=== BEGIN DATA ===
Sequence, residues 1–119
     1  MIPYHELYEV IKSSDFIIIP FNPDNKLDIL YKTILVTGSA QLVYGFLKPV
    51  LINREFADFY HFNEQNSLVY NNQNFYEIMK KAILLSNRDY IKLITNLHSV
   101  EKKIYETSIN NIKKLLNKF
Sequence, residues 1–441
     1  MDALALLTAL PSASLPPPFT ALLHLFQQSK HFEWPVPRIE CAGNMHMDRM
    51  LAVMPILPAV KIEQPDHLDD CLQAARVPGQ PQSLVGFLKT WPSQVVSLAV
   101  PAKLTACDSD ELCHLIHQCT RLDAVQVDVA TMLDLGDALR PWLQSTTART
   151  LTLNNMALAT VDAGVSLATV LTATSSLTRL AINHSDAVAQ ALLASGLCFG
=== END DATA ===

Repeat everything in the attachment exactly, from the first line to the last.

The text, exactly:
Sequence, residues 1–119
     1  MIPYHELYEV IKSSDFIIIP FNPDNKLDIL YKTILVTGSA QLVYGFLKPV
    51  LINREFADFY HFNEQNSLVY NNQNFYEIMK KAILLSNRDY IKLITNLHSV
   101  EKKIYETSIN NIKKLLNKF
Sequence, residues 1–441
     1  MDALALLTAL PSASLPPPFT ALLHLFQQSK HFEWPVPRIE CAGNMHMDRM
    51  LAVMPILPAV KIEQPDHLDD CLQAARVPGQ PQSLVGFLKT WPSQVVSLAV
   101  PAKLTACDSD ELCHLIHQCT RLDAVQVDVA TMLDLGDALR PWLQSTTART
   151  LTLNNMALAT VDAGVSLATV LTATSSLTRL AINHSDAVAQ ALLASGLCFG